By Lynn O’Donnell, Director of Marketing, Healthcare
The Joint Commission has added three categorical waivers within its 2015 updates.
These waivers are important for healthcare organizations to understand, as they may affect your accreditation.
1. Testing of sprinkler alarms.
The new testing of sprinkler alarm devices waiver permits a reduction of testing frequencies for certain sprinkler system alarm devices and pump assemblies. There are two elements of performance (EPs) that must be met before using this waiver:
EC.02.03.05, EP 2
At least quarterly, the hospital tests water-flow devices. Every 6 months, the hospital tests valve tamper switches. The completion date of the tests is documented. (NFPA 25, 1998 - Sections 2-3.3 & 3-3.3) (NFPA 72, 1999 - table 7-3.2)
EC.02.03.05, EP 6
Automatic Sprinkler Systems: Every week, the hospital tests fire pumps under no-flow conditions. The completion date of the tests is documented. (NFPA 25, 1998)
2. Medical gas alarms.
The Medical Gas Alarms waiver allows the substitution of a centralized computer system for one category 1 medical gas master alarm. This waiver requires one EP:
EC.02.05.01, EP 1
The hospital designs and installs utility systems that meet patient care and operational needs.
3. Emergency generators.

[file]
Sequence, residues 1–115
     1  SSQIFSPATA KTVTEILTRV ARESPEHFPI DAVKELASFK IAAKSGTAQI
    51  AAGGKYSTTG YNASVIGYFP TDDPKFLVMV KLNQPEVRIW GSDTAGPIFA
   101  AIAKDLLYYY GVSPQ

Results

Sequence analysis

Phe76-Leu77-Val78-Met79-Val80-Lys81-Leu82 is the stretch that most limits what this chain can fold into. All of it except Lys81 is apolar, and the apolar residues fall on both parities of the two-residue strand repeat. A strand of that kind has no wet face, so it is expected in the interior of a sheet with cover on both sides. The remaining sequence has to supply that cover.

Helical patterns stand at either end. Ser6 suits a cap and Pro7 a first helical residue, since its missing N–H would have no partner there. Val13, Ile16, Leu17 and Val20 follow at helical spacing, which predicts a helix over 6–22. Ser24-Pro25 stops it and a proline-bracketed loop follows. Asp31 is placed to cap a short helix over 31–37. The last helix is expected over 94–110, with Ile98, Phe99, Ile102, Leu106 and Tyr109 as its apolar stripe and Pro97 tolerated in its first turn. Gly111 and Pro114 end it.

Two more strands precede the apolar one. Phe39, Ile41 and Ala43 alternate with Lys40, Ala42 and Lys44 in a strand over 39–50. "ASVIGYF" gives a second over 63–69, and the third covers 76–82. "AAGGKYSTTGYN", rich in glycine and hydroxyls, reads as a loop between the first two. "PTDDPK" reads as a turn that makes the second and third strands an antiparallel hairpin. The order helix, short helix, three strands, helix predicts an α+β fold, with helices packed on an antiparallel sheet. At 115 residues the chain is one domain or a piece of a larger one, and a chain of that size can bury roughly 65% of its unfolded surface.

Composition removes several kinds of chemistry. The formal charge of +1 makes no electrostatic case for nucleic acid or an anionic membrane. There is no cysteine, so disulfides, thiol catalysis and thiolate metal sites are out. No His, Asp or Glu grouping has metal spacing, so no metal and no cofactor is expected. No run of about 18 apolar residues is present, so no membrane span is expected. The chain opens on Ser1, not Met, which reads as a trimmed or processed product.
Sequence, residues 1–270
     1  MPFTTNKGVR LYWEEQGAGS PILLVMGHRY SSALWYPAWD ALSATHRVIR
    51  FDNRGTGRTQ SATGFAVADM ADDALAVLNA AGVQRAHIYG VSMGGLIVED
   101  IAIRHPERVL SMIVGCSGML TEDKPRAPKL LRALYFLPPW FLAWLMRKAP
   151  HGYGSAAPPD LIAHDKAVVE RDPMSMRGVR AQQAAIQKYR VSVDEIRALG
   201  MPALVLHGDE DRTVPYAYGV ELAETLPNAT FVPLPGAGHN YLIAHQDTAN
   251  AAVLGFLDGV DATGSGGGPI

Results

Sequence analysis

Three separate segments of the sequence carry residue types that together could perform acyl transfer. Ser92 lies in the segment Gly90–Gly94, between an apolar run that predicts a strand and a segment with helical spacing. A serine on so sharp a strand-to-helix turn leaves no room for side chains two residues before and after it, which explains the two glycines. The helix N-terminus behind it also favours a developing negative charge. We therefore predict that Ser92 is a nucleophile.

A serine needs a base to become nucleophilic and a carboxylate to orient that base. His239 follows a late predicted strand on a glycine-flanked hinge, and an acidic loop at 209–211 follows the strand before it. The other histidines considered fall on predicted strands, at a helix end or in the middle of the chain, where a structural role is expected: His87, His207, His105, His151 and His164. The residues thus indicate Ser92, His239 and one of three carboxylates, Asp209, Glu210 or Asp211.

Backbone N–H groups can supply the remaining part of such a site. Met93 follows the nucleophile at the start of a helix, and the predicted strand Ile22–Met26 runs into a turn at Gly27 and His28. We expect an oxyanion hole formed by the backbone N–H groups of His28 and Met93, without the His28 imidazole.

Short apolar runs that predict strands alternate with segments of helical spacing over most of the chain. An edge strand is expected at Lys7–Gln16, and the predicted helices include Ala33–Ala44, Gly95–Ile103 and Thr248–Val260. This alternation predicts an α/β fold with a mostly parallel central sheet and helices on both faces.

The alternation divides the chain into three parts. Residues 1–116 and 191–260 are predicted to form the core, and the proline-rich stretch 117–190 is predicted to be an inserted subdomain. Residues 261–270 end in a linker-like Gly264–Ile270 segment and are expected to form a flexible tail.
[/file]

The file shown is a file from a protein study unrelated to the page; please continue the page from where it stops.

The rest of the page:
The annual testing of emergency generators waiver permits a reduction in the annual diesel-powered generator exercising requirements. This waiver requires two EPs:
EC.02.05.07, EP 4
Twelve times a year, at intervals not less than 20 days and not more than 40 days, the hospital tests each emergency generator for at least 30 continuous minutes. The completion dates of the test must be documented.
EC.02.05.07, EP 5
The monthly tests for diesel powered emergency generators are conducted with a dramatic load that is at least 30% of the nameplate rating of the generator or meets the manufacture recommended prime movers exhaust temperature if the hospital does not meet either the 30% of nameplate rating or the recommended exhaust gas temperature during any test in EC.02.05.07, EP 4, then it must test the emergency generator once every 12 months using supplemental, dynamic or static, loads of 25% of nameplate rating for 30 minutes followed by 50% of nameplate rating for 30 minutes followed by 75% of nameplate rating for 60 minutes for a total of 2 continuous hours.
4. Using a waiver.
If a hospital decides to make use of any of the new or existing waivers for its facilities, it is required to do the following:
- In the "Additional Comments" field of the Basic Building Information (BBI) in the electronic Statement of Conditions" (SOC), document the waiver(s) being used and the location(s) where each waiver is being applied.
- At the beginning of a survey, present this documentation to a Joint Commission surveyor. This is critical! It is not acceptable for an organization to wait until after a surveyor discovers a compliance issue to notify the surveyor that it wishes to use a categorical waiver.
For more information on the content and use of these waivers, visit The Joint Commission’s website.